In substance use disorders, however, the balance between these drives shifts over time. Increasingly, people feel emotional or physical distress whenever they are not taking the substance. This distress, known as withdrawal, can become hard to bear, motivating users to escape it at all costs. Withdrawal symptoms are symptoms that can occur after long-term use of a drug is reduced or stopped; these symptoms occur if tolerance to a substance has occurred and vary according to substance. Note that many non-addictive drugs can cause tolerance, sensitization, or dependence. Therefore, tolerance, per se define addiction. Rather, addiction is caused by drug-induced changes in reward or reinforcement.
As a substance use disorder deepens in intensity, substance use is the only thing that produces relief from the bad feelings associated with withdrawal. And like a vicious cycle, relief is purchased at the cost of a deepening disorder and increased distress when not using. The person no longer takes the substance to “get high” but instead to avoid feeling low. Other priorities, including job, family, and hobbies that once produced pleasure have trouble competing with this cycle.3
Healthy adults are usually able to control their impulses when necessary, because these impulses are balanced by the judgment and decision-making circuits of the prefrontal cortex. Unfortunately, these prefrontal circuits are also disrupted in substance use disorders. The result is a reduced ability to control the powerful impulses toward alcohol or drug use despite awareness that stopping is in the person’s best long-term interest.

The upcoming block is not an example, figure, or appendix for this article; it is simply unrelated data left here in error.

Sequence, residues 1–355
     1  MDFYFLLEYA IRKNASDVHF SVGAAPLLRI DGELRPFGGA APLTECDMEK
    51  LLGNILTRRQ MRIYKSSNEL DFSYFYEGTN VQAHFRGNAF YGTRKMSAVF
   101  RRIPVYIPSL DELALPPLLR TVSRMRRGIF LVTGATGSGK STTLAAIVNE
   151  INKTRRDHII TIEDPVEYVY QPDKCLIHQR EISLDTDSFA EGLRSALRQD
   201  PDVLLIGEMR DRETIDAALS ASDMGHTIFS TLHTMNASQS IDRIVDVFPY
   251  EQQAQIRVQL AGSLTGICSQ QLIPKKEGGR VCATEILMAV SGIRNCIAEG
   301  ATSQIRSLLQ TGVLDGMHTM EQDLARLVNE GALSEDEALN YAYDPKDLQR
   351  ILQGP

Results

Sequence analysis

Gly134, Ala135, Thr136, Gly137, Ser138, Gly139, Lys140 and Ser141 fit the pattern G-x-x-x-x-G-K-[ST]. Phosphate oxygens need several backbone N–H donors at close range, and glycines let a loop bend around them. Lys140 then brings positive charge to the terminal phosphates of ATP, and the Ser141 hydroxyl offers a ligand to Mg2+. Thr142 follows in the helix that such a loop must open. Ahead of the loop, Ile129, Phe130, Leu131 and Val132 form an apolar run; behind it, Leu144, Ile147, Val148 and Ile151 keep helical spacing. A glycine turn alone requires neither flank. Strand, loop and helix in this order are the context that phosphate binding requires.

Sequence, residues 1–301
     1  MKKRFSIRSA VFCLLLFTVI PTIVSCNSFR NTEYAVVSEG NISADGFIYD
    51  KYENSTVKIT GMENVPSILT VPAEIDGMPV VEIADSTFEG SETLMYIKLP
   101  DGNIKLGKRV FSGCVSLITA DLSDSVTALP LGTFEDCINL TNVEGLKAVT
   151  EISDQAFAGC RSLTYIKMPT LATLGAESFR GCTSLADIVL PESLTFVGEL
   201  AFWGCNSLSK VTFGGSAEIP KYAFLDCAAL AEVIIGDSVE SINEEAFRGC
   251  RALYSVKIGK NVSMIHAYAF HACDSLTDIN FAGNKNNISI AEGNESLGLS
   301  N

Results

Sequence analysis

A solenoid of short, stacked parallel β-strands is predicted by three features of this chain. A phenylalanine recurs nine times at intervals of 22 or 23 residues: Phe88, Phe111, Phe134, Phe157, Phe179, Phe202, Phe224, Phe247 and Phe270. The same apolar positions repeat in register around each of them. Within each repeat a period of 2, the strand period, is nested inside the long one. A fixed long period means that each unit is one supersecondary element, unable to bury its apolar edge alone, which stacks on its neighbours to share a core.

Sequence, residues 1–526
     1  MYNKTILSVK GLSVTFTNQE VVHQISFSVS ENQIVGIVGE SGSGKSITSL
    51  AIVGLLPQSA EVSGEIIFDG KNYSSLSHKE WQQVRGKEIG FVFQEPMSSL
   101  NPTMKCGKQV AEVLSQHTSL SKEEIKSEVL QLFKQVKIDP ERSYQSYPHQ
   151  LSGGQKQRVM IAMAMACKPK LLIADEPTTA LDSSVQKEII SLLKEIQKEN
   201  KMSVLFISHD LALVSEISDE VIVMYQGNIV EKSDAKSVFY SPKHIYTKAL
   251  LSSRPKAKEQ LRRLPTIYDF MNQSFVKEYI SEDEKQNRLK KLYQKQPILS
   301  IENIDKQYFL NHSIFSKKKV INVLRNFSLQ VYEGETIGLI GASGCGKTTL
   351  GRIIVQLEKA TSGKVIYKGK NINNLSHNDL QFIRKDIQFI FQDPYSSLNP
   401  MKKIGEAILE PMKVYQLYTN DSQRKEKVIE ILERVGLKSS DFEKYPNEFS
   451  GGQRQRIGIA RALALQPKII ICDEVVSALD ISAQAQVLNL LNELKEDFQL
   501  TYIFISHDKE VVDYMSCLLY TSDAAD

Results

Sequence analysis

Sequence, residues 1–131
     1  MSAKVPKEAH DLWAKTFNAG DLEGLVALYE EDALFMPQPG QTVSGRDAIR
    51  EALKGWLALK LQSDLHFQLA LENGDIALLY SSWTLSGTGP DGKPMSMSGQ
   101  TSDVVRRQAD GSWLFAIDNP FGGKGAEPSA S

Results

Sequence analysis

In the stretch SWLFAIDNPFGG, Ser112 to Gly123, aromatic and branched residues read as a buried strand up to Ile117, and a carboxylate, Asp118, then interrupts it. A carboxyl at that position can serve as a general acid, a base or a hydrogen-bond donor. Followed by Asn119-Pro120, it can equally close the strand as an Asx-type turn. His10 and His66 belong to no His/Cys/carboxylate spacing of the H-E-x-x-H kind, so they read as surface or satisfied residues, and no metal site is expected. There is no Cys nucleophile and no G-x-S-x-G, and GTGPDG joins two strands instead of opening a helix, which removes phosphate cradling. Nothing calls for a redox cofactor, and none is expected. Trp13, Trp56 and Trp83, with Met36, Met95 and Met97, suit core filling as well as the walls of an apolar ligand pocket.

This explains why substance use disorders are said to involve compromised self-control. It is not a complete loss of autonomy—addicted individuals are still accountable for their actions—but they are much less able to override the powerful drive to seek relief from withdrawal provided by alcohol or drugs. At every turn, people with addictions who try to quit find their resolve challenged. Even if they can resist drug or alcohol use for a while, at some point the constant craving triggered by the many cues in their life may erode their resolve, resulting in a return to substance use, or relapse. 3
Why do people take drugs? There are different “reasons” why people take drugs, although there should be no reason at all for people to take drugs that cause addiction unless prescribed for medical indications. Figure 2 outlines the protective factors as well as the risk factors for drug abuse and addiction. Buy why do people take drugs?
Assessing the risk and protective factors that contribute to substance use disorders helps practitioners select appropriate interventions.
Many factors influence a person’s chance of developing a mental and/or substance use disorder. Effective prevention focuses on reducing those risk factors, and strengthening protective factors, that are most closely related to the problem being addressed.
Risk factors are characteristics at the biological, psychological, family, community, or cultural level that precede and are associated with a higher likelihood of negative outcomes.1
Protective factors are characteristics associated with a lower likelihood of negative outcomes or that reduce a risk factor’s impact. Protective factors may be seen as positive countering events.
Some risk and protective factors are non-modifiable (fixed): they don’t change over time. Other risk and protective factors are considered variable and can change over time. Modifiable risk factors (variable) include income level, peer group, adverse childhood experiences and employment status.
Individual-level risk factors may include a person’s genetic predisposition to addiction or exposure to alcohol prenatally. Individual-level protective factors might include positive self-image, self-control, or social competence. Figure 3 depicts some of the risk and protective Factors for drug abuse and addiction.